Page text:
Detritus Artists: Sustainable Art
Detritus artists are the creative, imaginative, and innovative individuals who use "trash" to create visually stunning and thought-provoking pieces.
Val Britton creates layered, intricate collages that explore the concept of maps and journeys. All the materials she uses come from the San Francisco dump; it's "trash to treasure" at its best.
Britton's work was created as part of Recology San Francisco's artist-in-residence program. It's a 20-year-old artist program aimed at inspiring people to conserve natural resources and to recycle more. Wouldn't it be great if every city had a program that allowed eco-conscious artists to pillage and plunder as they please in search of materials they need to create art? The materials would be free of charge and the contents of the landfill will be slightly reduced. And when it comes to protecting the environment, every little bit adds up quickly.
Making art out of used objects isn't new. What's significant in Britton's work is that it encourages viewers to look at refuse differently and, most importantly, she draws attention to the fact that the dump has all kinds of reusable stuff, that it provides for her every need, and she's able to repeatedly find new, unused items, still in their sealed and original packages.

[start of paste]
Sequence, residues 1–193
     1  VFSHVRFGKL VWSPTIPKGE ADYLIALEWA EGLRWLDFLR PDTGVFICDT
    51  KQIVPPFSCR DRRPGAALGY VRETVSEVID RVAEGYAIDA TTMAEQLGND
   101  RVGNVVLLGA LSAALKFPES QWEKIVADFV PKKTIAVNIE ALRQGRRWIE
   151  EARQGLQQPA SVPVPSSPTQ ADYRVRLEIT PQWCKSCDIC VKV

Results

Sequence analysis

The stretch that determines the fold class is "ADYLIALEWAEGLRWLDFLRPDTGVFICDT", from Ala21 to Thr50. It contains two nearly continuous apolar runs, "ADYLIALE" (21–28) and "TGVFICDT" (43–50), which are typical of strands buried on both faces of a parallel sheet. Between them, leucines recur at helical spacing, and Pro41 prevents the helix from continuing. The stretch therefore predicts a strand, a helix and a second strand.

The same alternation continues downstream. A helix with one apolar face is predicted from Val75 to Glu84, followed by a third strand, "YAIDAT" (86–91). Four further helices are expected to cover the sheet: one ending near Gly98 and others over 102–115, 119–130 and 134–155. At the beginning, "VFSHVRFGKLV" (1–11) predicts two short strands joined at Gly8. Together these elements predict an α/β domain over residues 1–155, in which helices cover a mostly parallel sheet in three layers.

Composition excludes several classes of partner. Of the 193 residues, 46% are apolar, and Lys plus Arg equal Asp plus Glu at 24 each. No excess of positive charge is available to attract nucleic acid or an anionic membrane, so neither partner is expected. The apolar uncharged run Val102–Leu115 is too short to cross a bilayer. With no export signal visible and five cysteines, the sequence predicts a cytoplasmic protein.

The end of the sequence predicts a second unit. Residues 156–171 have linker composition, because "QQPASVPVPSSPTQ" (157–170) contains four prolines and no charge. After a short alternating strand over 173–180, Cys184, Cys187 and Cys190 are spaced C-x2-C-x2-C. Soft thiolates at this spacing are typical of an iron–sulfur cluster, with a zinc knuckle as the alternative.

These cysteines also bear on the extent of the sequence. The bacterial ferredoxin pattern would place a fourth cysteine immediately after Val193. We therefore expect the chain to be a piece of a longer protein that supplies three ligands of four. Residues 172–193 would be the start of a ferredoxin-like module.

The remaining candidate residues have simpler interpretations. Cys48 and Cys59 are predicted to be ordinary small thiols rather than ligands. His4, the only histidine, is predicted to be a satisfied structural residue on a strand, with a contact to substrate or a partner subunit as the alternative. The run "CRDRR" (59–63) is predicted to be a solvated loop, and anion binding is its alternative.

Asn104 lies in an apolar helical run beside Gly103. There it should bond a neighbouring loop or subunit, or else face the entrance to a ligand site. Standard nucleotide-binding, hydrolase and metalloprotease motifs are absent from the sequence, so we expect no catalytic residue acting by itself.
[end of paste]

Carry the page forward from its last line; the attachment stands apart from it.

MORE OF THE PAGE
With the green emphasis on diverting as much "trash" as possible from landfills, Britton's work marks a emerging trend in the art world that allows artists to make their work as sustainable as possible. After all, when will we ever run out of trash?
Britton and fellow artist Zachary Royer Scholz worked at Cast-off Central — the San Francisco dump. They didn't work with household trash but with relatively clean items brought down to the dump, such as loads of wood from remodeling jobs or discarded fixtures from closed businesses.
Scholz was struck by the amount of wood coming in, and used some of it for a structure of L-shaped blocks cut from discarded timber.Continued on the next page